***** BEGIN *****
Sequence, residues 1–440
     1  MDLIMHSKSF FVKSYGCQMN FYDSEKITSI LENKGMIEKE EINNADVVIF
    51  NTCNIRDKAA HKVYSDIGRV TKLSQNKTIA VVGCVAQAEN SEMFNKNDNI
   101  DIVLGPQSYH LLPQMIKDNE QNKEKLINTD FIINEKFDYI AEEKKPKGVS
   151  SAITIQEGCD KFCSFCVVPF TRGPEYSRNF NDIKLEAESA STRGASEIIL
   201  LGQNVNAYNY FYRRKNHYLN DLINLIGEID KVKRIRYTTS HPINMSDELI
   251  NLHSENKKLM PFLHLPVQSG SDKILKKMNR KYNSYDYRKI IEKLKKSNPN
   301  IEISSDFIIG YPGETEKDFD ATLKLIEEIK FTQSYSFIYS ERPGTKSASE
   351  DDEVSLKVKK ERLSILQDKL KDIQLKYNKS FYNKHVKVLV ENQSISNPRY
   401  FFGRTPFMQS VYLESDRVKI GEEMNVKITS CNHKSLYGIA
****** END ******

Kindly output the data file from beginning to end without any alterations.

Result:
Sequence, residues 1–440
     1  MDLIMHSKSF FVKSYGCQMN FYDSEKITSI LENKGMIEKE EINNADVVIF
    51  NTCNIRDKAA HKVYSDIGRV TKLSQNKTIA VVGCVAQAEN SEMFNKNDNI
   101  DIVLGPQSYH LLPQMIKDNE QNKEKLINTD FIINEKFDYI AEEKKPKGVS
   151  SAITIQEGCD KFCSFCVVPF TRGPEYSRNF NDIKLEAESA STRGASEIIL
   201  LGQNVNAYNY FYRRKNHYLN DLINLIGEID KVKRIRYTTS HPINMSDELI
   251  NLHSENKKLM PFLHLPVQSG SDKILKKMNR KYNSYDYRKI IEKLKKSNPN
   301  IEISSDFIIG YPGETEKDFD ATLKLIEEIK FTQSYSFIYS ERPGTKSASE
   351  DDEVSLKVKK ERLSILQDKL KDIQLKYNKS FYNKHVKVLV ENQSISNPRY
   401  FFGRTPFMQS VYLESDRVKI GEEMNVKITS CNHKSLYGIA